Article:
Off-Site Solutions Recognised by Department of Education

The Building Schools for the Future (BSF) programme, announced in 2004 by New Labour, planned on renovating or rebuilding every English secondary school in a £55 billion scheme.

BSF was cancelled due to coalition spending cuts on the 5th of July 2010, and 719 schools that had been in pre-construction stages were left unable to proceed with their plans. A further 706 schools, having already signed contracts with private construction companies, are to go ahead with works, but have been forced to make substantial savings.

The future for the 719 leftover schools looked bleak. However, a leading off-site construction company have offered up a solution using modular and off-site techniques to lower the cost and enable the remaining schools to be built. A company representative spoke with Milton Keynes MP, Iain Stuart in September, explaining the benefits of off-site construction, and the options available for building schools from standardised modules.

Stewart proceeded to put forward this representation to the Department of Education, and received the following response from Lord Hill, who is responsible for schools capital policy:

“The purpose is to ensure that future capital investment represents good value for money and strongly supports the Government’s ambitions to reduce the deficit, raise standards and tackle disadvantage. Off-site construction…is one of the options under consideration by the Capital Review.”

Lord Hill gave his thanks for raising modular construction methods to his attention and has passed it on to the Capital Review team who he was sure would “find it of value”.

Modular construction techniques provide a cost-effective and efficient alternative to traditional building methods, with a wealth of design opportunity available.

The off-site industry is striving to remove the preconceptions of modular buildings – the modern capabilities being a far cry from the portable classrooms of the 50s – and to show the design flexibility off-site construction can offer.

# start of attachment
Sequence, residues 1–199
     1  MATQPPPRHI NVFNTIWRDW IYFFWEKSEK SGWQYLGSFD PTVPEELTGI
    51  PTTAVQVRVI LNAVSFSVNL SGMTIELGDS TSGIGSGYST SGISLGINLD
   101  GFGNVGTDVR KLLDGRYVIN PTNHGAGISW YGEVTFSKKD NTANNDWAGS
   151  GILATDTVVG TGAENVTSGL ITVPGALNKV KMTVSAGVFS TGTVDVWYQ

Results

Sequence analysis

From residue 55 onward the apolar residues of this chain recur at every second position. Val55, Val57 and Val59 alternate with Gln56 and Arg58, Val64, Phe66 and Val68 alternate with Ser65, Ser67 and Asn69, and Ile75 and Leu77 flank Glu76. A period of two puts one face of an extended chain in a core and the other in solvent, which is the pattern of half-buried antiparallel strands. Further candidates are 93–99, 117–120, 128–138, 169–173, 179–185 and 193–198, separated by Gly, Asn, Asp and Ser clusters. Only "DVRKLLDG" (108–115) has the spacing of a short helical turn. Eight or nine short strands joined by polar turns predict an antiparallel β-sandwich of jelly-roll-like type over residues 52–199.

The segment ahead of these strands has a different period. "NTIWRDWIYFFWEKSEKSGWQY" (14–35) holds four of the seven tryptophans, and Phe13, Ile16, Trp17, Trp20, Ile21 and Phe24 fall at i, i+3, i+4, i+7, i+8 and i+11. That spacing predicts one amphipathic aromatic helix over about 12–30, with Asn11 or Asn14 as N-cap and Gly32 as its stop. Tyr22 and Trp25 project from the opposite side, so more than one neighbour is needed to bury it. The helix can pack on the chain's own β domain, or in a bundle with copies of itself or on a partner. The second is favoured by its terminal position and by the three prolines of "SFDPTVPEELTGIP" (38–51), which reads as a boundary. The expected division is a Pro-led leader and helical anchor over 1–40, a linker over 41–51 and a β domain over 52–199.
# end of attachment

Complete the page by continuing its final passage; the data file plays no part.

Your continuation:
Modular construction offers broad design flexibility contrary to preconceptions of ‘boxy’ prefabricated buildings of the past. The beauty of many off-site buildings is that they have developed tremendously in terms of visual appeal, and it is often impossible to distinguish them from a traditionally constructed building. Essentially, a menu can be created for schools to be built from, that architects can help to visualise and create.

Innovation in modular buildings over the past 10 years has been significant, making off-site construction even more relevant to the education sector. Corner-Loaded Modules are available that increase design flexibility and generate significant cost savings on site and throughout the life of a building. These hybrid buildings are based around a steel frame, which provides greater architectural freedom in an economical and space-efficient building system. This type of system means the building designer can ‘break out of the box’ and specify modules that are non-rectangular or have internal atria or balconies. The design scope is extensive and this also includes the possibility of corner-to-corner glazed walls, a feature that is becoming very popular in schools.

Off-site capabilities also include energy efficient and sustainable building techniques and materials, as well as a range of environmental additions such as sun tubes and rainwater harvesting. The Hybred® is an innovative modular building solution which offers the potential to achieve ‘A’ rated energy performance, an environmental consideration that is becoming an increasingly important target for schools.

Modular building has been proven to reduce programme times by 50% (PSLG Building June 2010 pp48). The reduction of project time and increased speed of construction mean that buildings can be erected in weeks rather than months; there are no weather constraints as units can be made watertight before arriving on site; and cost certainty can be achieved, because the industry and its techniques are far more predictable than tradition building methods. Statistics show that 99% of off-site projects are completed on time and budget (PSLG Building June 2010 pp48).